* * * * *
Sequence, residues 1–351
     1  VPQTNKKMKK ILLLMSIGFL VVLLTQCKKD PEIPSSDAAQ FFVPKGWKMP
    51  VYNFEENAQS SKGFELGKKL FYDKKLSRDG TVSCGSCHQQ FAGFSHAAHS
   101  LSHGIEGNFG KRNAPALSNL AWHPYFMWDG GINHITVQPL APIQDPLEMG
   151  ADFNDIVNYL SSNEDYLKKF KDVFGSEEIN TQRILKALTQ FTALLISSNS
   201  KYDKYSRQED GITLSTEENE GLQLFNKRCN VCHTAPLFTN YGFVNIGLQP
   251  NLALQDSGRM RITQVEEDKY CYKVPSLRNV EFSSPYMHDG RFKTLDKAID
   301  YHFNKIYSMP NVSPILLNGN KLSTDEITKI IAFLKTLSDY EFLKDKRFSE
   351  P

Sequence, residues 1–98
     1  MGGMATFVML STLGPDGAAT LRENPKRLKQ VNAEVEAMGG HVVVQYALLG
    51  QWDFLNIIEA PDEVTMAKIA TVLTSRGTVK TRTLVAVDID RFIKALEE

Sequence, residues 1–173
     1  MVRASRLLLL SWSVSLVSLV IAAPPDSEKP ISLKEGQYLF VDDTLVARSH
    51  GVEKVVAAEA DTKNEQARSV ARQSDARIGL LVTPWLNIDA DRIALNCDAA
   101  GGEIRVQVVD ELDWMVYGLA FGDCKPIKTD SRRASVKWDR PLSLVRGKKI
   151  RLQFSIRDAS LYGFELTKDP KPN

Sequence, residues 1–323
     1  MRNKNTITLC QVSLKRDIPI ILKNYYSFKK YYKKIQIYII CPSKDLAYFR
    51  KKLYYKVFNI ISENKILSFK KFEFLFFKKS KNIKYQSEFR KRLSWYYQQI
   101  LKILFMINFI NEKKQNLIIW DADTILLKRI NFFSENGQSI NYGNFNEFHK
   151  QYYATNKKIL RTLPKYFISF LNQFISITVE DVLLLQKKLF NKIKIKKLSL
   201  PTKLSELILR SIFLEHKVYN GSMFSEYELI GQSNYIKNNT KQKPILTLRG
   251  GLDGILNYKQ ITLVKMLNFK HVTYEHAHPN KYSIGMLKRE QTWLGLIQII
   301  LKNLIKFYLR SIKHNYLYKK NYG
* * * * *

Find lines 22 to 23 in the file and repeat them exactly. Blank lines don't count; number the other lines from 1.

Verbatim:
   151  QYYATNKKIL RTLPKYFISF LNQFISITVE DVLLLQKKLF NKIKIKKLSL
   201  PTKLSELILR SIFLEHKVYN GSMFSEYELI GQSNYIKNNT KQKPILTLRG